Jun 23, 2021
Would it surprise you to know that many of the largest investable market in the United States is not the public stock market, and that this market creates more value for investors than the public market? While the internet revolutionized the trading of public stocks in the 1990s, it has barely made a dent in the trading of private securities, until now. And during that time, there’s been a profound paradigm shift between the public and private markets, and it’s changing how and where value creation occurs for shareholders.
The infamous IPO.
In the late 1990’s and early 2000’s, startup companies often sought to do an IPO as soon as possible. The process of moving from seed capital to venture capital to private equity to IPO could take place relatively quickly. It took Amazon only three years (1994-1997) to go from a startup to a public company, and at public offering it was valued at $438 million.
Many of us have heard about investors generating sizable returns from participating in Initial Public Offerings (IPOs). For instance, if you invested in the Cisco IPO, you would have made 846 times your investment at today’s price. Additionally, Amazon shareholders have received over 2000 times their initial investment since its IPO in 1997. A large portion of an asset’s growth had been realized during and following a company’s IPO.
The Big Shift
According to Preqin’s Future of Alternative Assets Report of October 2018, “In 1996 the median amount raised prior to IPO in the US was just $12 million, But in 2016, that had shot up to nearly $100 million, easily within the range of a public company’s traditional valuation.” Private companies are finding access to capital that allows them to grow. Remaining private enables companies to retain greater control and focus and fewer reporting requirements. This new trend means that private investors have the opportunity to capture more of the lucrative early-stage enterprise growth, which is making way for the proliferation of the so-called “unicorns”.
Today, companies are choosing to go public at a new stage in their lifecycle and private equity firms are holding their investments longer. They are striving to capture more years of rapid growth and create more value for private investors. Airbnb was held as a private company for 12 years and was valued at $86.5 billion when it went public in 2020. Ultimately, investors follow opportunity and have taken note of the new value creation paradigm by increasing their alternative asset class allocations.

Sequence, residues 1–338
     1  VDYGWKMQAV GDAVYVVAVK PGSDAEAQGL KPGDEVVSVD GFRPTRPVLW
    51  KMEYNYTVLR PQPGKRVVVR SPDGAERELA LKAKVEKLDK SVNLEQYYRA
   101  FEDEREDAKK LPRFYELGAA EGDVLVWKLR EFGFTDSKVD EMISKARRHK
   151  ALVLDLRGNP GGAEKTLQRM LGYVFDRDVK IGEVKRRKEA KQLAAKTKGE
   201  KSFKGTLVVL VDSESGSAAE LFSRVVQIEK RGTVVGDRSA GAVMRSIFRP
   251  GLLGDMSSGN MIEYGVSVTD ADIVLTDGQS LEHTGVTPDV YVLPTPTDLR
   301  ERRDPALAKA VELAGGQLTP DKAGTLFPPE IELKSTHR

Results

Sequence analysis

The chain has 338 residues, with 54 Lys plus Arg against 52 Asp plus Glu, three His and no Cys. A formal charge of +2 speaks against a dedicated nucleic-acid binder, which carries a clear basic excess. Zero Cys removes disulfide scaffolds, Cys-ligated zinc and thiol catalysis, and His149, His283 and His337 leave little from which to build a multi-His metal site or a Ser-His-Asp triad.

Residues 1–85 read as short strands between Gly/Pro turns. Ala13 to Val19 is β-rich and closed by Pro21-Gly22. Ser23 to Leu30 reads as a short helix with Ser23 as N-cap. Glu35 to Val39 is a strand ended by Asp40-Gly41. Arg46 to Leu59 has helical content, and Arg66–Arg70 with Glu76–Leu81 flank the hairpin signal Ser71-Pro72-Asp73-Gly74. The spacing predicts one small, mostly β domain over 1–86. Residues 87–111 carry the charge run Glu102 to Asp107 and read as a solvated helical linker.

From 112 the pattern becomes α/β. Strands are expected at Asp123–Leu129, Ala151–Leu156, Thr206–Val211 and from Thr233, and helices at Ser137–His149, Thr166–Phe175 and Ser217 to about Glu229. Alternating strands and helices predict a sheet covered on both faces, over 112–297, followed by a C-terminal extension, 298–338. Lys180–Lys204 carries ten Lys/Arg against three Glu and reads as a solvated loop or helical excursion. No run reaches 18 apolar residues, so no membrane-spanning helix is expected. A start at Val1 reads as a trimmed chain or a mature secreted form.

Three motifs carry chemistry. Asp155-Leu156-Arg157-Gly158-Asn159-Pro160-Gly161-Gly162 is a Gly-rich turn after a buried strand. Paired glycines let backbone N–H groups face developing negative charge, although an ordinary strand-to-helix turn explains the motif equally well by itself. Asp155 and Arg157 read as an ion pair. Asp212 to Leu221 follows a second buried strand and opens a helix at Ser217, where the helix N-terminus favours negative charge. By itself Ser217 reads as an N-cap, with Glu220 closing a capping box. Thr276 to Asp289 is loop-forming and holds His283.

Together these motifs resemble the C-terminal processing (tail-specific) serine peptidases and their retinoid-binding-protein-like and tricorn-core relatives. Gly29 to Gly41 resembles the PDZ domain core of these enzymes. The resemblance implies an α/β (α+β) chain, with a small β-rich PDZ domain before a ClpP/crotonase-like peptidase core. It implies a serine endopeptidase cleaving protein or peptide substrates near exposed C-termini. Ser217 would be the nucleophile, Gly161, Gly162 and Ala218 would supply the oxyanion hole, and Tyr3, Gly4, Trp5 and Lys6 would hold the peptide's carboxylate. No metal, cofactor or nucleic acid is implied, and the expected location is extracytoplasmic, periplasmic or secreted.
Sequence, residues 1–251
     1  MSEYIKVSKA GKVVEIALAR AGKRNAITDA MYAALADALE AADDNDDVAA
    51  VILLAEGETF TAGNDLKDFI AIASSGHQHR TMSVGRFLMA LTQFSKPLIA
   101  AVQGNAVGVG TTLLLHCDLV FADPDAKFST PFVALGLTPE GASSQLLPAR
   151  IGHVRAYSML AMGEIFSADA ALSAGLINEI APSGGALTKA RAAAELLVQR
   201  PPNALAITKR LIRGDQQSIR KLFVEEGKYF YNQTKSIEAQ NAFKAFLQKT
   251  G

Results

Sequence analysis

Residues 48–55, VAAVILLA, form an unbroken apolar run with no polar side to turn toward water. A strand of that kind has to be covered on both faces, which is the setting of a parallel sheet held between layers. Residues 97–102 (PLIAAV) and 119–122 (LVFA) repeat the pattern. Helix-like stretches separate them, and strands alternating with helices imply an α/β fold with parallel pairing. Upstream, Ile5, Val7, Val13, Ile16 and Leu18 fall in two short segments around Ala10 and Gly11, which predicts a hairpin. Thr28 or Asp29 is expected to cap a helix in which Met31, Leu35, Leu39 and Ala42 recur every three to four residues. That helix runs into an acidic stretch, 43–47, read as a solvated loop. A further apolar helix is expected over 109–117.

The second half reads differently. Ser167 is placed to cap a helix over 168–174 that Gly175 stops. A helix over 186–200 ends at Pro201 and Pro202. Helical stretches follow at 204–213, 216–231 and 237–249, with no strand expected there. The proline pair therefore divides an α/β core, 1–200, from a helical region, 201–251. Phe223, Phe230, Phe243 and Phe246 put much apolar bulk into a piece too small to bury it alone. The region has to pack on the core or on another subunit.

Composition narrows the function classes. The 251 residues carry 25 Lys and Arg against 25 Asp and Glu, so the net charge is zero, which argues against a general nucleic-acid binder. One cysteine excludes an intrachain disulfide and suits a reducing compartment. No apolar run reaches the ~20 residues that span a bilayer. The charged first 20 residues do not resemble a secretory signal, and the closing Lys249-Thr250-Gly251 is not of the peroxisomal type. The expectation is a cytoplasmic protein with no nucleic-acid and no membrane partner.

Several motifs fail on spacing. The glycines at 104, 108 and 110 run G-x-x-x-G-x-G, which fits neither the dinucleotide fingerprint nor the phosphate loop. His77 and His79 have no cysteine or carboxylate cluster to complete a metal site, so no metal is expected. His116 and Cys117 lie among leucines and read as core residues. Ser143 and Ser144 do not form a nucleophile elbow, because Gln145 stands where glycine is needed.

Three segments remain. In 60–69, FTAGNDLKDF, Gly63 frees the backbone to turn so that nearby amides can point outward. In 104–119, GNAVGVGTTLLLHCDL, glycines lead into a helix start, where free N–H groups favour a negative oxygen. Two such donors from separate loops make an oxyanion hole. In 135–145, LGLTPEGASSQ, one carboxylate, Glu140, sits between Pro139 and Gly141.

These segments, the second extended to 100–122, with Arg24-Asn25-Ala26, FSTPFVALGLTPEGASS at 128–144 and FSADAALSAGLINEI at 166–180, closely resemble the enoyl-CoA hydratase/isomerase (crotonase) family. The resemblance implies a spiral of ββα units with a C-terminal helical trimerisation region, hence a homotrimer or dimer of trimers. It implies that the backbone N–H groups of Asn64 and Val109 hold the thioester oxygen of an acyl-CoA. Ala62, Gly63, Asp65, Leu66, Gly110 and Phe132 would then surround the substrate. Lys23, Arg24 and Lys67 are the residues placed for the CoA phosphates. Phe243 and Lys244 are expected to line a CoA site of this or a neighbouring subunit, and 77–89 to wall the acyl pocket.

According to a recent study by Bain & Co, private capital markets have grown in recent years. In 2020, private markets raised over $1 trillion. In a recent report by accounting giant PWC titled Prime Time for Private Markets, private equity is expected to grow by $2.1 trillion between now and 2025. With more capital flowing into the private markets, it is not projected that there will be a return to quick IPOs anytime soon. This trend is reinforced as more capital is raised and more investors gain access to alternative assets and private market investing.
Additionally, there is an increase in the number of private companies in existence today versus a few years ago. In Prime Time for Private Markets, PWC shows the number of private companies in the U.S. with 500 or more employees nearly doubled from 12,824 in 1998 to 20,139 in 2017, resulting in a 52% drop in publicly listed companies during that same period. And that trend continues in more recent years.
Value Creation for the Private Markets
As private equity and venture capital firms continue to hold and develop their portfolio companies longer, they generate greater returns. The data below illustrates the value creation shift taking place.
In the case of Netflix, only a fraction of the total value created went to the private market. At the time of its IPO, private investors just about doubled what they invested. By contrast, Facebook private investors held their stake and saw their investment valued at 34 times the average price paid at its IPO.
Unlocking Private Market Access Using the Blockchain
The implications of increased value creation in the private market are profound, especially when combined with the promise of blockchain technology. The blockchain has created opportunities for existing private investors, as well as deal sponsors like private equity and venture capital firms.
As the size of the private market expands, the need for liquidity increases. This need can be addressed with tokenized private capital units which are freely traded; and firms that specialize in developing infrastructure and networks for tokenized securities, like Securitize, have enabled this asset tokenization. Similarly, private equity firms will benefit from the potential of increased liquidity in the secondary markets and opportunities for tokenized primary offerings, and retail investors who were previously locked out of participating in alternative asset investments are on the verge of access to an enormous market.
The Bottom Line
Companies are remaining private longer for a few key reasons. Mainly, they are eager to take advantage of operating freedoms that are otherwise burdensome in the public markets. Pair that with the readily available capital in the private markets, and you have a scenario where companies are striving to grow in the private markets for years before even considering an IPO. For investors, this means that high growth potential IPOs like Amazon and Cisco are yesterday’s news. Investors are increasingly looking to private markets for these high growth potential opportunities that the public markets used to dominate.
Contributing Writers: Michael Penfield, Christie Olsen
Sources: Prime Time for Private Markets, PWC and Preqin, The Future of Alternative Assets, October 2018
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